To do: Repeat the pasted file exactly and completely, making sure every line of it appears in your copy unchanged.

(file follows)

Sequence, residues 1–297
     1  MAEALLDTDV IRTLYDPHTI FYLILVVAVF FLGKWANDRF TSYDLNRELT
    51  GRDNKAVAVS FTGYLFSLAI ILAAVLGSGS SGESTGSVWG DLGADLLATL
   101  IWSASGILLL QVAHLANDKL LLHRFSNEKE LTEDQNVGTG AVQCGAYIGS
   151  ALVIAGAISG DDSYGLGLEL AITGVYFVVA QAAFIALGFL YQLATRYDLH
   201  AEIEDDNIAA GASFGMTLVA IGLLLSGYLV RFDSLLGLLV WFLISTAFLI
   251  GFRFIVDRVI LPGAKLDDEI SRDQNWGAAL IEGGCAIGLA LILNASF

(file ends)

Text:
Sequence, residues 1–297
     1  MAEALLDTDV IRTLYDPHTI FYLILVVAVF FLGKWANDRF TSYDLNRELT
    51  GRDNKAVAVS FTGYLFSLAI ILAAVLGSGS SGESTGSVWG DLGADLLATL
   101  IWSASGILLL QVAHLANDKL LLHRFSNEKE LTEDQNVGTG AVQCGAYIGS
   151  ALVIAGAISG DDSYGLGLEL AITGVYFVVA QAAFIALGFL YQLATRYDLH
   201  AEIEDDNIAA GASFGMTLVA IGLLLSGYLV RFDSLLGLLV WFLISTAFLI
   251  GFRFIVDRVI LPGAKLDDEI SRDQNWGAAL IEGGCAIGLA LILNASF